Rejoicing in the Hands | Rating: 8.4

pitchfork | Dominique Leone

Rejoicing in the Hands establishes Banhart as a major voice in new folk music.

You and I listen to more music than anyone in the history of civilization. I don't mean more than your friend or that guy on that message board who seems to know about every buzz-worthy leaked CD before anyone else, but rather, more than any previous generation of active music fans. Think about all our MP3s and CDRs, the stuff we actually buy, and then add in the music we hear once and immediately declare isn't worth the 45 seconds we spent with it. It almost seems ridiculous, because ultimately, few of us would be willing to recommend more than but a few songs (let alone albums) to anyone outside our close-knit music circles. Digital media was supposed to satisfy the audiophiles with better sound and the businessmen with yet another kind of product to convince us we weren't getting everything we could out of music/life. However, its primary effect has been to level music's impact to a similar scale as any other commodity-- outside those few songs we cling to like family, most of it ends up being used as trade-bait, rep maintenance, decoration and garbage.

It's easy to blame this on the digital age, but then, it seems to have been going on longer than MP3s and file-sharing. Kids have been comparing and competing with record collections for as long as I can remember-- probably as long as my mom can remember, too-- but there must have been a time when our hallowed few songs were the only ones that mattered at all. Maybe during the days when people were more worried about war or disease or how they were going to eat in the winter; was it "folk music" they were hearing and singing? I imagine "entertainment" and "self-expression" weren't as valuable as functionality and therapeutic relevance in music.

Devendra Banhart's second full-length (and first of two planned 2004 releases), Rejoicing in the Hands, harkens back to a time before music had so many cultural roles. It's not necessarily an "old-fashioned" record, insofar as his performances or songs are concerned. Banhart's lyrics are as often seemingly nonsensical as they are evocative or descriptive, and his songs defy almost any conventional form you care to introduce. There are references to traditional American folk and blues, as well as hints of British acoustic folk along the lines of Fairport Convention, Bert Jansch and Banhart favorite Vashti Bunyan (who sings on the title track). However, for the most part, Rejoicing in the Hands is a record concerned with the absolute smallest things in life-- which usually end up being the most important-- helping pass the time when time is the only thing going anywhere. It's unconcerned with the past or the future, and is only too ready to supply songs you could sing after dinner or first thing in the morning. It seems valuable to hear something like "we have a choice, we chose rejoice" coming from a new CD, as if that was the only kind of value music was ever supposed to have.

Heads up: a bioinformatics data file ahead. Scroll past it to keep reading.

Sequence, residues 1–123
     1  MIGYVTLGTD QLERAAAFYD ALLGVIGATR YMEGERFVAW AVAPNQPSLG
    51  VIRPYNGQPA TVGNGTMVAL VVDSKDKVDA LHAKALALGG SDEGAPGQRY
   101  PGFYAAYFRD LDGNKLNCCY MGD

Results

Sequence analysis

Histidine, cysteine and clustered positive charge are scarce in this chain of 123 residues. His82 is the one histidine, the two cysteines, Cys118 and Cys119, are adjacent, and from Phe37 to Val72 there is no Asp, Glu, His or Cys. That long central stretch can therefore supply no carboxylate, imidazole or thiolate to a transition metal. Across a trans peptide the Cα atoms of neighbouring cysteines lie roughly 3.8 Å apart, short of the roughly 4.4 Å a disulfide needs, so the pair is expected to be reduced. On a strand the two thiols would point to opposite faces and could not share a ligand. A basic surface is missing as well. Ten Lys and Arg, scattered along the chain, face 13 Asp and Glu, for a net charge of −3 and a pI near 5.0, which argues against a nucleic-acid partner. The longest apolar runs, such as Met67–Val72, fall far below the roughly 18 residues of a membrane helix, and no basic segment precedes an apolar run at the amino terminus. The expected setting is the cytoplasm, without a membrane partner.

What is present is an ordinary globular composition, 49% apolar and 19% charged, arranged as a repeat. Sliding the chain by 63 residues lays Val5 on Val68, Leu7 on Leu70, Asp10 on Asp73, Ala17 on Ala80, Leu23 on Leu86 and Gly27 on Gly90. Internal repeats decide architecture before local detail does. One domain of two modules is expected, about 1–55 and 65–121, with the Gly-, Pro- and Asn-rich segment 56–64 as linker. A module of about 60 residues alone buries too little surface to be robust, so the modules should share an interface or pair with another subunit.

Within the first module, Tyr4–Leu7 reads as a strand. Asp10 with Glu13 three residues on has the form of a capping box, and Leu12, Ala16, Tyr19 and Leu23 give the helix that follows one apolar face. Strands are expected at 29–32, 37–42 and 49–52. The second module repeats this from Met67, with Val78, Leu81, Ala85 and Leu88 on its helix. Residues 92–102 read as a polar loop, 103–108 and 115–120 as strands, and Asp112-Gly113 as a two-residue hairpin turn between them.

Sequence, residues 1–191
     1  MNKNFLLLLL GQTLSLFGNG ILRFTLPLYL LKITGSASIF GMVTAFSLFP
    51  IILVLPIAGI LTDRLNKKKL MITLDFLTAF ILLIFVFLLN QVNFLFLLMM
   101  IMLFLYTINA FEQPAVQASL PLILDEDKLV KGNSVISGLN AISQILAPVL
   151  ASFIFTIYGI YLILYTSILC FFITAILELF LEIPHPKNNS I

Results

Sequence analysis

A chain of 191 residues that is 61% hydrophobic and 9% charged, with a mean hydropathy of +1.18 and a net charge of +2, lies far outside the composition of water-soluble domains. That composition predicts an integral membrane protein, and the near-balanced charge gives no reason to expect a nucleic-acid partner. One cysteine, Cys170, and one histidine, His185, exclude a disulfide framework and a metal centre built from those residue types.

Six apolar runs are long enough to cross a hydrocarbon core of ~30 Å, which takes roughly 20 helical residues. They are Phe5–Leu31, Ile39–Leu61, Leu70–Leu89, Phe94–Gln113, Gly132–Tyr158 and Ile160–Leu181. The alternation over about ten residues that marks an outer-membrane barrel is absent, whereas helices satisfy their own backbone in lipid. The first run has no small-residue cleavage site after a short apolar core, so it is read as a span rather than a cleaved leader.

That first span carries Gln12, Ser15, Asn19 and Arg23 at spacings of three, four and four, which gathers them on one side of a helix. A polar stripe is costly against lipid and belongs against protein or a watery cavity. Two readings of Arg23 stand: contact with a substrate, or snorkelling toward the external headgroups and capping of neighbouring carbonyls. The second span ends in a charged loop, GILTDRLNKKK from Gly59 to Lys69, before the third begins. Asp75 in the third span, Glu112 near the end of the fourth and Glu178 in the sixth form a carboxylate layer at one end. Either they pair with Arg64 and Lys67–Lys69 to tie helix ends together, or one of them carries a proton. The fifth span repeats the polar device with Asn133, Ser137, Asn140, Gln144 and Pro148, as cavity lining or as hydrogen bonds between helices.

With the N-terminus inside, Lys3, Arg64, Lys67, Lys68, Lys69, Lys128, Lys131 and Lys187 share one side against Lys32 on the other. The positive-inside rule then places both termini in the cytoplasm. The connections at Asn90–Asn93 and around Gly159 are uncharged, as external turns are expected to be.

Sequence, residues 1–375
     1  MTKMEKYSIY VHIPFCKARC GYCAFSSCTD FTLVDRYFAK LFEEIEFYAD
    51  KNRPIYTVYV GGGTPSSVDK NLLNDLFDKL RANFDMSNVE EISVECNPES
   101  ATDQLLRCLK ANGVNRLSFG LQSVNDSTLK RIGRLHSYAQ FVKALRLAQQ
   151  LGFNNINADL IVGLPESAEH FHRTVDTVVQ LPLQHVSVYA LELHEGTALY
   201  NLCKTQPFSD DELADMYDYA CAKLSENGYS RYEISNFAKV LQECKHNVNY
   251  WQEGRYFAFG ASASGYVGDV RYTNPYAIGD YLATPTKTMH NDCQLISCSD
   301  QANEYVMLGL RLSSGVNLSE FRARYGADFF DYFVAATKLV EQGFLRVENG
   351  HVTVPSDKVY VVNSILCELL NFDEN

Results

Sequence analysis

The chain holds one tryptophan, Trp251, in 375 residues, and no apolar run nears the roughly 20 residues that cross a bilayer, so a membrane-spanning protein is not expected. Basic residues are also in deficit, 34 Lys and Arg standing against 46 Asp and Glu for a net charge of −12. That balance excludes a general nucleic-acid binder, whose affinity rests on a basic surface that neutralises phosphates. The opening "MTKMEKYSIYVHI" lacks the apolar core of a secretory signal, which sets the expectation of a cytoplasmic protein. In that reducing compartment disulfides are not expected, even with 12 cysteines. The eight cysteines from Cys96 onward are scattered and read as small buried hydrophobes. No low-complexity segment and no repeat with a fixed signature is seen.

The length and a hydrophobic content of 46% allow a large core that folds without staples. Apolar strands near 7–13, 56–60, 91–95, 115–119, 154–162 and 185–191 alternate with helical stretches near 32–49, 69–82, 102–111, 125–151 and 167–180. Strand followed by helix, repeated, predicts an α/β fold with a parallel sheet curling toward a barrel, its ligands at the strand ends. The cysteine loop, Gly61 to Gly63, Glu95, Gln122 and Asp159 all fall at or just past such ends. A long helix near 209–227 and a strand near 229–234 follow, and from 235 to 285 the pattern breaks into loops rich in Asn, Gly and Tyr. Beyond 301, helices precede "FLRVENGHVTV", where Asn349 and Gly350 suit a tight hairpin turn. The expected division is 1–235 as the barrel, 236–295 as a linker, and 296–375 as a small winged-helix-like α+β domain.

Unlike Banhart's 2002 debut, Oh Me Oh My, Rejoicing in the Hands was professionally recorded, and a few tracks feature backing musicians (including Angels of Light alums Thor Harris, Joe McGinty and Siobahn Duffy). It's far from slick, though, reeking of rustic, homemade charm. Furthermore, it surpasses Oh Me Oh My in both songwriting and Banhart's singing. His songs no longer veer into bizarro cadences or witchy vocal overdubs; Young God's Michael Gira remarks that he didn't want to pigeonhole Banhart as a lo-fi eccentric, and consequently, the singer's range of expression (and surprising delicacy) is given full justice.

Opener "This Is the Way" sets forth the unhurried charge, confident in its own idiosyncrasy. Banhart's wordless count-off to his subtly accomplished fingerpicked guitar work betrays a casual ideal, even as couplets like, "I knew, I knew I could stand tall/ I could lay low," seem typically Banhartian in their benign whimsy. Likewise, the short guitar instrumental "Tit Smoking in the Temple of Artesan Mimicry" seems strangely familiar in its relaxed, uncomplicated feel, as Banhart's deceptively intricate lines cross one another like dueling minstrels on the road to nowhere. "Todo Los Dolores" even stops down as Banhart forgets the lyrics and has to begin again, much to the chagrin and amusement of a studio companion. If nothing else, Rejoicing in the Hands celebrates the informal and comfortable.

Other songs seem weightier. "When the Sun Shone on Vetiver" features Banhart accompanying his acoustic with angelic slide guitar, and a ghostly violin harmonizing his lead vocal. The midtempo, folky drone underneath his pseudo-psychedelic melodic vocal phrasing contributes to an unearthly ambience. "Will Is My Friend" features plaintive piano and double bass accompaniment, and comes off as a midnight country-blues lament for "Going Back to California". Closer "Autumn's Child" forgoes guitar almost entirely, featuring Banhart's quivering vocal over a soft, minor-chord piano dirge. Lines like, "She wanted to leave it, but she could not because it was her own child," sound melodramatic on the page, but over the course of song, seem almost offhandedly frank.

Rejoicing in the Hands establishes Banhart as a major voice in new folk music. Not only does it improve on the promise of his earlier releases; it effortlessly removes the listener from the context of the recording. That is, it doesn't seem like an album so much as a collection of road hymns and journals, and small tributes to smaller pleasures. If some people miss the appeal of this stuff in an attempt to digest it as any other product, all the better knowing Banhart will probably keep on rejoicing until forever.